As you figure out the different roles you need to play, and the tasks you need to do to build the business you desire, you’ll have to do an honest assessment of yourself and your skills to see if you should be the one to do that specific work or not.

This assessment is critical to your success and growth.

As your team grows, you’ll have to do the same. You’ll need to make sure that you’ve got the right people on your team doing the right work.

Tucker and his co-founder took a hard look at their performance in their respective roles. And it resulted in them firing themselves. Check out the story:

7. Use the right words

Many entrepreneurs believe that all they need to do is develop a good product, and they can sit back and watch the sales roll in.

But the reality is, once you’ve got a product you know will produce results, that’s when the real work begins.

You’ve got to make sure the people who can benefit most from your product know about it, and understand how it can help them.

That means, you’ve got to develop a message that effectively communicates the features and benefits of your product.

Here’s how the Book-in-a-Box team talk about what they do:

Once you’ve got a message that works, then you’ve got to spread the word to make sure your ideal customers know about it.

The initial buzz about the Book-in-a-Box service first came through word of mouth. Then Tucker and the team started using content marketing to get the word out. This included publishing a book, being a guest on podcasts, and publishing articles around the web.

8. Pass out hugs

No matter what you sell, your business is about people. It serves people. And it needs people to operate.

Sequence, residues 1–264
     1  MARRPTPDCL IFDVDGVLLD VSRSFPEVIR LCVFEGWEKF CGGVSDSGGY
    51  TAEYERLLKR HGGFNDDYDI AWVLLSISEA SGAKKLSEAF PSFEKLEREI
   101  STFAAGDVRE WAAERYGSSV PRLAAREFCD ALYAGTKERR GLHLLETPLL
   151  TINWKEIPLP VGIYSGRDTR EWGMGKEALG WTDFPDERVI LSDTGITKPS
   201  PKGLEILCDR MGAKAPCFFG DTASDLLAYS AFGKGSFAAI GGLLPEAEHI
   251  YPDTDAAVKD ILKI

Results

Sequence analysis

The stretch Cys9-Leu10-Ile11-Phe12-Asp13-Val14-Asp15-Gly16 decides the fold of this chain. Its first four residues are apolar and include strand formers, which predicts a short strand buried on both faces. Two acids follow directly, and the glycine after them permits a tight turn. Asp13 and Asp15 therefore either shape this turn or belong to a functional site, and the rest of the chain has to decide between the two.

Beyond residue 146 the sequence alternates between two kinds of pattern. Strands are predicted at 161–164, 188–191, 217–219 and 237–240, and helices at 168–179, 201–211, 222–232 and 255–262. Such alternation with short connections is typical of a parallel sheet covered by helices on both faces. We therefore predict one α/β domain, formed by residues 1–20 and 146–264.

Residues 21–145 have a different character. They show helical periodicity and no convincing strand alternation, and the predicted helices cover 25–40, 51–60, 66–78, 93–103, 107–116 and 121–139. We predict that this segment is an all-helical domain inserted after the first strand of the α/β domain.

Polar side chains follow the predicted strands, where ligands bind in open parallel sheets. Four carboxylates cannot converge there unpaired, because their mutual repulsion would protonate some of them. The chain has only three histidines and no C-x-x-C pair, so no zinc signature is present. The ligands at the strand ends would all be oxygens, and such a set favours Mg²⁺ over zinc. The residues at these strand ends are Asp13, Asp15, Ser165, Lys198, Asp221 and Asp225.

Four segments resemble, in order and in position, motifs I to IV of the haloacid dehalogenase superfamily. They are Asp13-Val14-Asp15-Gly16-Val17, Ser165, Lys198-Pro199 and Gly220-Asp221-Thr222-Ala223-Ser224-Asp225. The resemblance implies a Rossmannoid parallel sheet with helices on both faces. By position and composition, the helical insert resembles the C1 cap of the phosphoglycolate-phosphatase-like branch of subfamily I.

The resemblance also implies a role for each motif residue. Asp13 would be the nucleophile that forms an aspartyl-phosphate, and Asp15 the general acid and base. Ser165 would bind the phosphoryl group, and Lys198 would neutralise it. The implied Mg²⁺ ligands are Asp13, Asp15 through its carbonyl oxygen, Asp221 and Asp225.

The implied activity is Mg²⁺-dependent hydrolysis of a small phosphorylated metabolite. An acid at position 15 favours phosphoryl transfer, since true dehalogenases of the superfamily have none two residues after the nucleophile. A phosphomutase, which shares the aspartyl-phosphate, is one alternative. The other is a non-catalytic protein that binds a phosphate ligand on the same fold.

So you’ve got to make sure that you put high priority on making sure the relationships you have with the people your business touches are strong.

Here’s how Tucker described it for his business:

Don’t let your relationships fall by the wayside. If it isn’t your strongsuit, make an effort to work on it. And if necessary, get someone to help you with this part.

9. Don’t drive on cruise control

Times change. Customers’ needs change. Your business needs to evolve to accomodate for that.

You’ve got to make sure you stay in tune to how your customers needs evolve over time, and how they need you to support them during that process.

So that means you’ll have to keep the day-to-day aspects of your business running, while keeping an eye on the future so you can grow and stay current.

Here’s what Tucker and his team have cooking at Book-in-a-Box, and how they are going about testing out their ideas:

You can grow your business exponentially

You don’t have to bumble around for years trying to figure everything out on your own. And you definitely won’t get any extra brownie points if you do. There’s a much easier way.

Skip the detours, and follow a proven process to build a thriving business.

It will make life better for you. And it will make life better for the people you serve.

Don’t make them wait any longer than they need to.

So don’t be stubborn.

Follow the blueprint. It works.

And then go buy yourself some brownies to celebrate. 🙂